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  • Writer's pictureToby A. Cox

Bishkek Artist Getting to the Root of Kyrgyz Culture

Sky and earth, water and fire, mountains and lakes – All are common themes in early philosophies in (seemingly) unconnected human societies around the world. For the early Kyrgyz people, this philosophy was Tengriism, a philosophy of nomads and connected to the earth.

“Tengriism is a tribute to nature. The relationship between nomads and nature cannot be ignored,” said Dzhumgalbek, a local artist known as Dzhum for short.

Bishkek Artist Dzhum sitting in his workshop
Dzhum in his workshop.

Using many different mediums to express his artistic visions, Dzhum explores the nomadic roots of Kyrgyz culture, though careful not to over-romanticize the life of nomads.

Hunter on horseback
A hunter on horseback, drawn by Dzhum.

“It was a time of wolves; people had to be harsh like warriors,” said Dzhum, “…that is why I draw family values as well as the hard times of nomadic life. At the same time, I show the interdependence between people living within the tribe.”

His drawings depict characters who balance strength with warmth, illustrating the Kyrgyz cultural values still embraced today.

A family in a traditional yurt.
A family in a traditional yurt, drawn by Dzhum.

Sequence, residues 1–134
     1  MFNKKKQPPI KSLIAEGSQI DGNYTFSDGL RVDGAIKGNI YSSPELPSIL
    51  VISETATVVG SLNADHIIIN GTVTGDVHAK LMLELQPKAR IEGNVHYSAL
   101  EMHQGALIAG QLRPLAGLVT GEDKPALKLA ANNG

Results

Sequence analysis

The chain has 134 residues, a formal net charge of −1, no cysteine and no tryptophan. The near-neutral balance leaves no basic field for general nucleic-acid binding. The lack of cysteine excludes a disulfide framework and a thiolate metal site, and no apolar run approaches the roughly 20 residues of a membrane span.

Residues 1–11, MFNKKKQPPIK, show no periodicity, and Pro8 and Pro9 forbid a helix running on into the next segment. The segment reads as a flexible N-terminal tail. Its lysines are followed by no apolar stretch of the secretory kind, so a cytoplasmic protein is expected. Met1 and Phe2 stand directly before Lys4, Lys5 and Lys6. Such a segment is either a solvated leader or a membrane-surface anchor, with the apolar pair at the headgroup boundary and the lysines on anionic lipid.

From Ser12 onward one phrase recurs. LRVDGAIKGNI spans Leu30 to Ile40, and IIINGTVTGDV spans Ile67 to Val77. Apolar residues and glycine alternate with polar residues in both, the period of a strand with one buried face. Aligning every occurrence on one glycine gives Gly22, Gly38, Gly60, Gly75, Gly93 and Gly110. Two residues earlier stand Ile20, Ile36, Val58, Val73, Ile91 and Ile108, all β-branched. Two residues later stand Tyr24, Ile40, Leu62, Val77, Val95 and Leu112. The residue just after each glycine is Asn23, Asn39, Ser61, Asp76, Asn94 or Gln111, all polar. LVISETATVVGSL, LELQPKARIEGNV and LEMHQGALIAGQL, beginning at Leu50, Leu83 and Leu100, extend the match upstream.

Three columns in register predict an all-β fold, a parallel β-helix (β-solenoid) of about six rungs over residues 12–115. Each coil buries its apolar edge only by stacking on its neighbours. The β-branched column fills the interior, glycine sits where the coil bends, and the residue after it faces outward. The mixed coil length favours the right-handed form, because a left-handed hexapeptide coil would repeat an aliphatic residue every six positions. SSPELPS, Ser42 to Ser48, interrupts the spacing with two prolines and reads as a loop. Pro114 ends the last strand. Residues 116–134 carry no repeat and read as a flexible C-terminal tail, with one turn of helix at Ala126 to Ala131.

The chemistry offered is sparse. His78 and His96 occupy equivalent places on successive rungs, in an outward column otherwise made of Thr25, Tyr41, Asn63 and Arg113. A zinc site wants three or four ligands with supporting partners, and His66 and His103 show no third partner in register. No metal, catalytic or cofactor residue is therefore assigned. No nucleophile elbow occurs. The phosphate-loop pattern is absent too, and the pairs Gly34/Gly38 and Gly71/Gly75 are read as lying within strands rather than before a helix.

Dzhum was born in the Naryn region of Kyrgyzstan.

In his village, his family owned a large farm with many cows, sheep, and horses. There was also a river near his childhood home; he explained that many of his favorite childhood memories are connected with this river, such as learning to ride horses with his brothers and learning how to kindle a fire.

He discovered his interest in art early in his childhood and began attending an art boarding school after 3rd grade.

“Since my childhood I felt a connection with art,” he recalled.

For Dzhum, art is a way to express the kinship he feels with nomadic culture, not just limited to Kyrgyz nomadism, but with cultures all over the world that share similar elements.

Drawn by Dzhum

“I can certainly say that drawing nomadic elements are my favorites …. But it is not necessarily connected to only the Kyrgyz people,” explained Dzhum. “All around the world there are many diverse myths and legends that can tell the story of modern times.”

From these myths, tales, and legends from diverse cultures around the world Dzhum finds inspiration.

“Through books and stories I can create my own vision of the heroes … I love Celtic folklore the most and Scandinavian culture and elements. Scandinavian myths, King Arthur I can say that these cultures find a response in my soul. Some elements are the same within these myths.”

Drawn by Dzhum

As for religion, Dzhum says he is not a religious person, but he finds inspiration in Tengriism.

“My ancestors are Muslim but I am not religious. Even though our culture is Muslim we still have remnants of Tengriism,” said Dzhum.

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